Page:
What Can India Learn From China?

China is the largest, and probably the smartest neighboring country of India. Besides being a neighboring country, China is also the largest competitor of India in every aspect of development. While India stays ahead of China in sectors like Space Technology, it is a fact that India can learn a lot of good things from China. This article attempts to capture some points that India can possibly learn from China.

The diplomatic and the international relationship angle:

For one, China is adept in conducting the international relationships with its neighboring countries with an authority that is far better than India. A typical stratagem of China happens to be a confinement of the latitude of their admissible answers, in case of which the other end has to take an extra effort to make room for the bloated demands of China. This action inevitably portrays China’s compromising attitude but the reality remains that, it had given in very little.

An ideal example would be the recent Chinese incursions into our country. The Chinese proved that, they are the true descendants of Sun Tzu in the art of war and it is a fact that, they are masters in disguising an act of offence as that of defense. The Chinese cited the incursions as a direct consequence of the increase in the border capacities and infrastructure along the Indo – China border expecting India to take a conciliatory stance and acceding to their ‘quid pro quo’ demands of dismantling the said structures. It needs to be mentioned here the numerous Chinese border capacity enhancement programs, including the reconstruction of the Xingjian – Tibetan Highway which cuts across the highly controversial Aksai – Chin area in July 2012. Added to this were the persistent aerial and ground military exercises that China undertook in the Tibetan Autonomous Region in 2012. The reaction of India to the said flexing of muscles by the Chinese in an autonomous region was only of mere ‘concern’. China claims the state of Arunachal Pradesh as a part of their country (dubbed ‘South Tibet’ by the Chinese) and had even showed the atrocity of allocating Chinese visas to the people coming from the said state.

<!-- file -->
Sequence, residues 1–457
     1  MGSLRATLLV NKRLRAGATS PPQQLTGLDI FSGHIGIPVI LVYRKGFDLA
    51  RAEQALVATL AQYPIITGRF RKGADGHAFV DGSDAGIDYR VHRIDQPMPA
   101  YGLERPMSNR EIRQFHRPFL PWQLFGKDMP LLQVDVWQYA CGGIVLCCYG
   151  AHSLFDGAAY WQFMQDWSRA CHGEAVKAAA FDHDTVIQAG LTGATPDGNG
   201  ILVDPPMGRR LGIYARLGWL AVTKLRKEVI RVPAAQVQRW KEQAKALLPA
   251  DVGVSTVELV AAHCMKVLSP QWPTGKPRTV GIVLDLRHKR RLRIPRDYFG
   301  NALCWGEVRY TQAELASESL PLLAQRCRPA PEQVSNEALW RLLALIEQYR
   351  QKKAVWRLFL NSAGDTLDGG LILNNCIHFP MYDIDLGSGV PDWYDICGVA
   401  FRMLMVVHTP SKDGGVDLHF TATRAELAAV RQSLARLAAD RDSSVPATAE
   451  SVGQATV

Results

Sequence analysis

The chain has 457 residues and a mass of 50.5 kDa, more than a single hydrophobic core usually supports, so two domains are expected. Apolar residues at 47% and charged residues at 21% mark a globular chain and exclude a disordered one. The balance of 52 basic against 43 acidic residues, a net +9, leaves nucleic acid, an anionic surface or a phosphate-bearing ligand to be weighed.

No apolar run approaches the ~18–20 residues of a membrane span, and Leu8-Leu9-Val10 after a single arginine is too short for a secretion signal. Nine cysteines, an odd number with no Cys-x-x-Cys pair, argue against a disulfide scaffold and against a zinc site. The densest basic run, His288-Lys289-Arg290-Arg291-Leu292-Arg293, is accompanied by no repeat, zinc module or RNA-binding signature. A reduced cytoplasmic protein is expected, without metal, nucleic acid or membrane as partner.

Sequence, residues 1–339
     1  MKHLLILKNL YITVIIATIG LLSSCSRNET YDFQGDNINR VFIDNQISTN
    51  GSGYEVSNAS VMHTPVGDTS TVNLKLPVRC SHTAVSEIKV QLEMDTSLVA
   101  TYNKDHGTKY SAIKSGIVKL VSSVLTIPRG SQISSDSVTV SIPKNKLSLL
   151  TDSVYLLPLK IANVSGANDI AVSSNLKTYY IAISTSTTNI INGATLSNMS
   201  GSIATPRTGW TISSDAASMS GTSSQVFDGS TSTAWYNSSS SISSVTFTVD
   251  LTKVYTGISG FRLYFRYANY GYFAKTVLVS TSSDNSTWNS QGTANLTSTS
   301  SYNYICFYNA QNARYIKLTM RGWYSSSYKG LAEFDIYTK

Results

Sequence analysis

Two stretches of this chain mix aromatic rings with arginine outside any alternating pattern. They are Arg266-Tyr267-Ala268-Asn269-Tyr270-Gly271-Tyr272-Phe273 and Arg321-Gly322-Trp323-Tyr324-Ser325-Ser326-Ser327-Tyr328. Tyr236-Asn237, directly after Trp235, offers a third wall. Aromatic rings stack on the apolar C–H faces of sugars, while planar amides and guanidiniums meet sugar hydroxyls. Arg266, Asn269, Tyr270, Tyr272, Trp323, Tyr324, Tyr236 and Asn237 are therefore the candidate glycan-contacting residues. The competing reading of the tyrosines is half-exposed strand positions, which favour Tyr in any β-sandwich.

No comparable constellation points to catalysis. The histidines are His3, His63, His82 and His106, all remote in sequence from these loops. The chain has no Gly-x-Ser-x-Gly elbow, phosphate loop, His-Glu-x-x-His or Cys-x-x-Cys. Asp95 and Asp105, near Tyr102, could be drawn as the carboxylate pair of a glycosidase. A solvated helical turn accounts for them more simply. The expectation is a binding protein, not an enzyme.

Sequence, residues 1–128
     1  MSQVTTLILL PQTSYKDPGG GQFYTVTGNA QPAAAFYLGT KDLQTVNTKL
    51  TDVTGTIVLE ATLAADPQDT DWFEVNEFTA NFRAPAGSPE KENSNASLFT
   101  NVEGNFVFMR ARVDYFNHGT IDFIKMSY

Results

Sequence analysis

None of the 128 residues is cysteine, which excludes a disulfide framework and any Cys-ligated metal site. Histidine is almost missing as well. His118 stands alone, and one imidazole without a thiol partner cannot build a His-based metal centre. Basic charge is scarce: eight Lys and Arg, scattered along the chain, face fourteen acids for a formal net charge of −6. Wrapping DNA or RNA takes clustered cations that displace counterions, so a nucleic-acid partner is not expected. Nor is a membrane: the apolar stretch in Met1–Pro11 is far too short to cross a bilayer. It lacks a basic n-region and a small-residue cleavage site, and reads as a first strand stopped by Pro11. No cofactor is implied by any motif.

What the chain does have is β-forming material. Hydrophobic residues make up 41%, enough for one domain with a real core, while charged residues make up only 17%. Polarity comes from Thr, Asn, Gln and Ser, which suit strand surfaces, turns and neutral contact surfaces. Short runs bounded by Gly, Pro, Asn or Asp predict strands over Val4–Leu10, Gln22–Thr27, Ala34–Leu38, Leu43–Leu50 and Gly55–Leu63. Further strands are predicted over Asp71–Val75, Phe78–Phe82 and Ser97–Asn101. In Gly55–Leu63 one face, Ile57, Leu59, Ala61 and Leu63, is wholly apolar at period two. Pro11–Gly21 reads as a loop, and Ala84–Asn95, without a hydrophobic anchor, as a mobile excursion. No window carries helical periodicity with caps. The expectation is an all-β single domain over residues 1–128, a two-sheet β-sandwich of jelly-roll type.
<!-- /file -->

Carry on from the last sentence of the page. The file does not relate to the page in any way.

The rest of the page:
India definitely took a strong stand pertaining to the recent border encroachments issues by the Chinese, but the Indian message conveyed to the Chinese regarding the uncompromising attitude of our country about the border issues perhaps had not been spelt out strongly to China.

China on the other hand is diplomatically two faced and its international relations are governed by an effective use of speech technique with expedient implementation of intimidation and advocacy. China is very coherent and strong when it comes to countering encroachment issues within its territory. An example of this would be the strong disagreement of the Chinese to the joint India – Vietnam oil exploration program in the South China Sea, which is considered by China as a part of its territory. While China strongly berated India for indicating South China Sea as a global property, it also voiced its vehement opposition by expressing its zero tolerance towards any joint venture in Chinese maritime sectors. The joint venture was eventually abandoned in April 2012.